And while church and organisational leaders reported significant concerns about the future as the lockdown starts to ease with many calling for greater clarity so they can plan, the majority of church leaders did report that they were in a good or very good emotional state despite the fact that 31 per cent of churches said they had used a government furlough scheme for some of their staff during this period.

Lynas notes that this sense of well-being comes despite the increased workload for many ministers as they have navigated moving things online and ensured ongoing contact with congregants.

“So we’re encouraging those in churches to recognise that – we’re going to have to give our ministers a bit of breathing space over the summer. Because what they’ve done in seven days is what would have often taken seven years – move an entire service online, rearrange programs, continue to meet the needs of the vulnerable…So I think churches have shown great creativity and agility and have to be commended for that.”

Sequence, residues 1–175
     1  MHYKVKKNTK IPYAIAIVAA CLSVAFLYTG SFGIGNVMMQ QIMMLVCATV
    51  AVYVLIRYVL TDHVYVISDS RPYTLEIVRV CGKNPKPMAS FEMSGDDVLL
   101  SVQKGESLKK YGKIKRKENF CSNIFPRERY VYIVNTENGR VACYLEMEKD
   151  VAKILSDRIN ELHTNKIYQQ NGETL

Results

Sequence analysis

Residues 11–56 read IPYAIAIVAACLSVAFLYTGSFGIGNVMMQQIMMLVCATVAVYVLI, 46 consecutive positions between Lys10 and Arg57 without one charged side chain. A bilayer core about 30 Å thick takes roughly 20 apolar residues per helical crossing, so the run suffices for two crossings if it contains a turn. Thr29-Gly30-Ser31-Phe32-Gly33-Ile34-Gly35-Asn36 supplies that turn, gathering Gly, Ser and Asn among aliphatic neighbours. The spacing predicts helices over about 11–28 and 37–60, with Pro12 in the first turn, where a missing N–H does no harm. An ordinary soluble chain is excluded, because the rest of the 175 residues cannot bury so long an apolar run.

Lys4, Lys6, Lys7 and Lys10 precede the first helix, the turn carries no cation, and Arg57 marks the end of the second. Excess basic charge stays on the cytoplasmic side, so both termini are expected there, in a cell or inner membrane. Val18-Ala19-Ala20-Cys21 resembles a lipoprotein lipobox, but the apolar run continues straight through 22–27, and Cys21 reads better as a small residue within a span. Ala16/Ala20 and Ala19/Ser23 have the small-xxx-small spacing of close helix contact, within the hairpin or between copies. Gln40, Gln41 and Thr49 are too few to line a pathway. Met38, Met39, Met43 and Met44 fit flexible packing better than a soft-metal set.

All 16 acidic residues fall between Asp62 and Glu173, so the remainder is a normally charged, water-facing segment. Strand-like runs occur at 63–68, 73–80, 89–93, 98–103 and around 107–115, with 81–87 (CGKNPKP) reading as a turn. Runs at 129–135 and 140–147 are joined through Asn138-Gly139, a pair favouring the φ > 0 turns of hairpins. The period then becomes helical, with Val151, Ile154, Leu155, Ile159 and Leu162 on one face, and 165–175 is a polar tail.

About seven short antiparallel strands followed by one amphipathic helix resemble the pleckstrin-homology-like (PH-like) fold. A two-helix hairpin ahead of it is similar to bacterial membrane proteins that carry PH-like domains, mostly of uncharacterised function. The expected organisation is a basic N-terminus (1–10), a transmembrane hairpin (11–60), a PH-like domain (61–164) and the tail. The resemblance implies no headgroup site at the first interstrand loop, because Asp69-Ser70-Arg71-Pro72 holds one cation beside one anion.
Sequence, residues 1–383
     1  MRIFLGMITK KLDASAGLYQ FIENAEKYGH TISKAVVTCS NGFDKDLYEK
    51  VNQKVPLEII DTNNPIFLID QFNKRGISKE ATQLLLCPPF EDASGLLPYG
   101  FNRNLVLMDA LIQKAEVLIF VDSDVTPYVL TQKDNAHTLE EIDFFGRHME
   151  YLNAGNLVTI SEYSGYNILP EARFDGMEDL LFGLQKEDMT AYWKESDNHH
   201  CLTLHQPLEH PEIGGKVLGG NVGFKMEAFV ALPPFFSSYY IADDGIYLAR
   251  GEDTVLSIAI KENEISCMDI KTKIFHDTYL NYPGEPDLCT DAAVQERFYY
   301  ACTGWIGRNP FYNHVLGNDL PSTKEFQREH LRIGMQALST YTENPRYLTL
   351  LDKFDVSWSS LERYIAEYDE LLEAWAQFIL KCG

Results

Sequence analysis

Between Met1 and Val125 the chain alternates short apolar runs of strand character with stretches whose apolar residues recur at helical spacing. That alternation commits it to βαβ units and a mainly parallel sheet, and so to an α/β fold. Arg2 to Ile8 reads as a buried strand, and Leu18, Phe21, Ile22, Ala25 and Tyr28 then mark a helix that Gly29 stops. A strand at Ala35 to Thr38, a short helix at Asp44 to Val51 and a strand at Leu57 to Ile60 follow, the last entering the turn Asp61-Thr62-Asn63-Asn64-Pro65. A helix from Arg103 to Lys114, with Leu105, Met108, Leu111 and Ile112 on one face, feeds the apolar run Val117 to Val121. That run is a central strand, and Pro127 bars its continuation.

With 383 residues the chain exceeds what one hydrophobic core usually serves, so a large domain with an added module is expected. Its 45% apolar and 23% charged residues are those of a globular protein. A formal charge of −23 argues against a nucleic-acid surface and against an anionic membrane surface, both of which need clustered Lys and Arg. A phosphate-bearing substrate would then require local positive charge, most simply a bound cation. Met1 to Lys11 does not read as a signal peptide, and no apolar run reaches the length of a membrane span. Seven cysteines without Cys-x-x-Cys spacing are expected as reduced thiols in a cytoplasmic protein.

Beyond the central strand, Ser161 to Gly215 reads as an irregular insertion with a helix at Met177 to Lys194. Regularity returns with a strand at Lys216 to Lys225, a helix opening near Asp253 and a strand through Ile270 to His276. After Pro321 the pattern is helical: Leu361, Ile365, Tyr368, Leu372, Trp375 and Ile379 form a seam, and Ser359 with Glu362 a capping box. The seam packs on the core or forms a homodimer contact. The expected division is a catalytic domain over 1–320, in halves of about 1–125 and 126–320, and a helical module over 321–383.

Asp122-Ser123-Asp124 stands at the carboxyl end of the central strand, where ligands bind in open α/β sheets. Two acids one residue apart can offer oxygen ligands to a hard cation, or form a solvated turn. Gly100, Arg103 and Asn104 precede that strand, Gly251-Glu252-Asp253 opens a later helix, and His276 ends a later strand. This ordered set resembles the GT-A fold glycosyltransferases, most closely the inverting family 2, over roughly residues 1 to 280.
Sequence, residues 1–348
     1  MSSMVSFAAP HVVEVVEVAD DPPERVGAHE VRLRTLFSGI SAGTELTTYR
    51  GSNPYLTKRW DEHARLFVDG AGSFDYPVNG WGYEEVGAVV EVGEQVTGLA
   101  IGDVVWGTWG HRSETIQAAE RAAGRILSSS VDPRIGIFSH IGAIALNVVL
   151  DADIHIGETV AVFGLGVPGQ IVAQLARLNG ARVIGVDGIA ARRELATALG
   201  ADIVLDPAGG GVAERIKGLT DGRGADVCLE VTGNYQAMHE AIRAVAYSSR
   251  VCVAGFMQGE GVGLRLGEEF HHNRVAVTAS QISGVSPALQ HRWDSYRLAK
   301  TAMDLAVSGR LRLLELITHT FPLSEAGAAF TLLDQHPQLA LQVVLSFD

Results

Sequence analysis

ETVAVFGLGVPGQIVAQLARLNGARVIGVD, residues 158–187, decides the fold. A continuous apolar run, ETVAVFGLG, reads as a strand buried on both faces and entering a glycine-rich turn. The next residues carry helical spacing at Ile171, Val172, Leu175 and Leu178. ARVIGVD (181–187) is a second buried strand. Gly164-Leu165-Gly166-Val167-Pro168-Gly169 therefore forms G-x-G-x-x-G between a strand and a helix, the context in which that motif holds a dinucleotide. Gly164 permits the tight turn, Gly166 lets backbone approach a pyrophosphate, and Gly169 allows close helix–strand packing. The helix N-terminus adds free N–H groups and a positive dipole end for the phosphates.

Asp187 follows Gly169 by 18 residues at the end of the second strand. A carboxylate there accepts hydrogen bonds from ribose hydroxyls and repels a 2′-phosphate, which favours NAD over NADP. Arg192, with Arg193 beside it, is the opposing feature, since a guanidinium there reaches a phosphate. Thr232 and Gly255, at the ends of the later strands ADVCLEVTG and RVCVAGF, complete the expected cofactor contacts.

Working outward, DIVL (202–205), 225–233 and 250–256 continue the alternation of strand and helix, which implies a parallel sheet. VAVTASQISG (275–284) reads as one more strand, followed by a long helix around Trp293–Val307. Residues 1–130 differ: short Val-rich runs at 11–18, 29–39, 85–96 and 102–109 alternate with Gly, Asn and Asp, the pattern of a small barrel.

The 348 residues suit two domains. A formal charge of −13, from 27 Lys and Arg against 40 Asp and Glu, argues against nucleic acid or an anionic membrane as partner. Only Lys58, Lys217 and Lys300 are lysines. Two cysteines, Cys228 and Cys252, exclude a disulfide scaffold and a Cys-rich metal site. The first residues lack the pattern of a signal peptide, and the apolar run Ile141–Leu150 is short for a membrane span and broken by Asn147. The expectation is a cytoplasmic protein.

Conversations with church leaders have also revealed a sense that it won’t be simply business as usual when churches resume in-person gatherings.

EA UK poll graphic2


Lynas says the EA is encouraging churches to think about coming back together as a “reset moment” rather than simply “business as usual”.

For some churches that may mean operating with less staff. Lynas says that’s not necessarily a bad thing.

“So we’re going to go back to the priesthood of all believers rather than staffing everything out. It’s going to [mean] looking at our volunteers and people within churches and saying ‘We need to step up’…”

In fact, he says, with the charity sector being squeezed as well, there’s actually going to be a “real opportunity” for churches.

“Churches are sitting there with this huge volunteer group, their congregants ready to act in this moment, I think,” he says. “So there’s going to be a lot of need and a real opportunity to release everyone into kind of every-member ministry in this moment. It will be challenging but I actually think it will be a huge opportunity.”